The three and a half minute second movement opens with a rising, then falling, four-note motif played on the muted second violin. With it we enter into a new, minimalist world which, twenty years later, Philip Glass and his factory would commercially inhabit. This world seduces through hypnosis; through the slow metamorphosis of repeated, lyrical phrases. On the fifth bar the first violin enters, and soaring an octave higher than its partner, adds a further soothing and soporific balm to the sleepiness already induced by the second violin's seductive repetitions. With a glissando on the viola from F to D flat we slip from the material world and into sleep. The first violin becomes silent and the hypnotic minimalist motif is heard again distinctly on the second violin, followed by the deeper-voiced viola recalling the soothing tune of the first violin and then the cello. Heavy and deep in sleep we can now only hear our heartbeat on the doublets of the second violin and experience our deepest, subconscious thoughts, disturbing, sinister, full of remorse and nostalgic, being played out on  the viola  and the cello an octave below it. Then with the return of the first violin we gradually float back into consciousness; the heartbeat disappearing and to the minimalist motif on the viola we gradually wake. Rested but tender after this slumber we are poorly-prepared for the shock which now awaits us.

Suddenly with the commencement of the third movement we are confronted with the fortissimo yapping of an attacking dog5. Then an accusatory, vitriolic canon begins waves of ferocious assaults; first from the viola, then the second violin , followed again by the viola and finally from the first violin. But these on closer inspection are just the transformations of a dream world; the barking is just the notes which started the first movement, its "perky little motif", reversed. Even the first subject of the canon bears a close resemblance to music played on the viola as we regained consciousness at the end of the second movement. But before the mounting intensity becomes unbearable it is abruptly terminated by the same innocent motif, subtly changed though still full of its impish humour, with which the first movement had commenced. Suddenly, miraculously, the aggravation disperses and disappears. The pace slows down by a third,  from allegro to allegretto, and we are back  to F sharp minor. The first part of the canon reappears but, with the change of pace and tonality, undergoes a metamorphosis into the dream world of the previous movement. Then, rendered as a waltz, it intermingles with other motifs. Finally, after a brief echo of the first movement's pizzicato, the music loses force, collapses and dies away - morendo.

Photograph of Shostakovich, his first wife Nina and their friend Sollertinsky dated 1932

Closing Image:

The photo shows Shostakovich with his first wife, Nina, and their friend Sollertinsky


  1. Unfortunately neither the name of the string ensemble nor the names of the performers are given in this 2009 recording. However the first violin is played by Caeli Smith . back

  2. Because of their dedications the Seventh, Eighth and Ninth Quartets form a subset. They are 'personal' quartets. Number seven is dedicated to his first wife Nina, and number nine to his third wife Irina. The Eighth Quartet is dedicated to 'The Victims of Fascism and War' but, as is mentioned in the discussion of the Eighth Quartet, Shostakovich regarded it as dedicated to himself. back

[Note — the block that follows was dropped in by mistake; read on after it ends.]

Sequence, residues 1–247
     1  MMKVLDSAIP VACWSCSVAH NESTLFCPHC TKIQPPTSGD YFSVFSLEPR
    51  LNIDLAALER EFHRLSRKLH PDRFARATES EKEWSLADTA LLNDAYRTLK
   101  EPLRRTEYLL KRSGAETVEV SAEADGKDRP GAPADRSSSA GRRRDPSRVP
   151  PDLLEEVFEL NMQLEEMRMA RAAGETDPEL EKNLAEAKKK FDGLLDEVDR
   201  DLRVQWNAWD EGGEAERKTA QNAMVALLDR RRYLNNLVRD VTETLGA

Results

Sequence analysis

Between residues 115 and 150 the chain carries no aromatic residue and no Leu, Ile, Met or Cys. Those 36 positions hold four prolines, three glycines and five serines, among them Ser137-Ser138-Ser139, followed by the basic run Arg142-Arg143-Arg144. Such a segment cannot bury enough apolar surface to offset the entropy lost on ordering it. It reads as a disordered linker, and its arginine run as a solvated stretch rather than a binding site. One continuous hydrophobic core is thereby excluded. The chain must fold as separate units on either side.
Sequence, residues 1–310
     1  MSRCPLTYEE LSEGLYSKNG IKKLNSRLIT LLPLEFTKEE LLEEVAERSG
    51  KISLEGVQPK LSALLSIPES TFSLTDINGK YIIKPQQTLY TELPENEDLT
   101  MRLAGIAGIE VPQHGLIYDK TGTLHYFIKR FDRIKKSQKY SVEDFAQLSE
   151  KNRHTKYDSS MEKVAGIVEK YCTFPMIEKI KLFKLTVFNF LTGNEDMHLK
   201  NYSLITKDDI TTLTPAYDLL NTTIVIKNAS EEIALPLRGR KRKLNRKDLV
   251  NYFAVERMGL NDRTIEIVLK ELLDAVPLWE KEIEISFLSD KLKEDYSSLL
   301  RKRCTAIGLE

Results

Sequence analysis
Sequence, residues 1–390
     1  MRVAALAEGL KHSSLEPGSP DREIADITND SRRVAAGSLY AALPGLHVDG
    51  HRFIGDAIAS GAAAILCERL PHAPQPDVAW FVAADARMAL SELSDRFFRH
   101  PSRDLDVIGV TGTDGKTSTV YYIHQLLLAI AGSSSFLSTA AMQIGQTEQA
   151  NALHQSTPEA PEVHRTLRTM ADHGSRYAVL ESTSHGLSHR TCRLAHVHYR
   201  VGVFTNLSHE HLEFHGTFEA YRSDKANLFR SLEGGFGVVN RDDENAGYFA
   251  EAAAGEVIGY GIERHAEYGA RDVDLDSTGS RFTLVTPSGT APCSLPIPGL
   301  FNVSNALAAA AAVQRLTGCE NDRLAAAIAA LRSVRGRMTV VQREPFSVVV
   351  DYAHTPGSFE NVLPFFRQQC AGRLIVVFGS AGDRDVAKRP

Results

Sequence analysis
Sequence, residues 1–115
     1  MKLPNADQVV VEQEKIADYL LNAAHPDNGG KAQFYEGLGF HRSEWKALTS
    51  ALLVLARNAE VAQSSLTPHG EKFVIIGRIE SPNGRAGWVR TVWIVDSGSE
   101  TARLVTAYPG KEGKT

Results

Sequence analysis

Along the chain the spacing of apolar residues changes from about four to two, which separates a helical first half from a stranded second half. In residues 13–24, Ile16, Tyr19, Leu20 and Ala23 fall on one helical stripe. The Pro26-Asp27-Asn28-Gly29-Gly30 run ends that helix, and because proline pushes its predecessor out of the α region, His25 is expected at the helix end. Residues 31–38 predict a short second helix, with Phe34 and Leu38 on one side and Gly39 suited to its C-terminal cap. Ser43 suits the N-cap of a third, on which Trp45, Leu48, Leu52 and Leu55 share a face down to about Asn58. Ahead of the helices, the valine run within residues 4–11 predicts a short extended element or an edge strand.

3. Amongst her co-students had been Lev Landau and George Gamow. Landau was awarded the Nobel Prize for Physics in 1962 for theoretical work on superfluidity. Like Nina (and Shostakovich) Landau is buried in the Novodevichy cemetery in Moscow. George Gamov became widely known for his popular 'Mr Tompkins' books which give an 'Alice in Wonderland' description of relativity and quantum theory. But Gamow's sense of fun extended to more serious works. In 1948 his paper 'The Origin of Chemical Elements' was published in the journal 'Physical Review'. Written with his graduate student Ralph Alpher, they added the name of a fellow physicist, Hans Bethe, to make their publication become known as the Alpher-Bethe-Gamow (αβγ) paper. back

  4. This often quoted remark is by the German-born composer and musical theorist, Johann Mattheson (1681-1764). I have not been able to confirm the source although references to it in the internet appear to place it in his 1713 publication 'Das neu-eröffnete Orchestre'. back

  5. Of course the extent to which it sounds like a yapping dog probably depends on the recording you are hearing! However my metaphor should be understood as a reference to the thoughts of another author on the affectations of keys, Christian Schubart, who lived after Johann Mattheson. Schubart wrote in 1806 in an article entitled 'Ideen zu einer Aesthetik der Tonkunst' that F sharp minor was 'A gloomy key: it tugs at passion as a dog biting a dress. Resentment and discontent are its language.' I do not intend to suggest that Shostakovich meant this section to be canine-friendly, but I am certain that Shostakovich's choice of key signature for each quartet in the cycle was deliberate and selected to support the quartet's intended emotional or biographic reference. The affectation of keys has a long tradition in the history of music and its influence on any tonal cycle of music, particularly ones composed for instruments that are not equally tempered, surely deserves serious consideration. back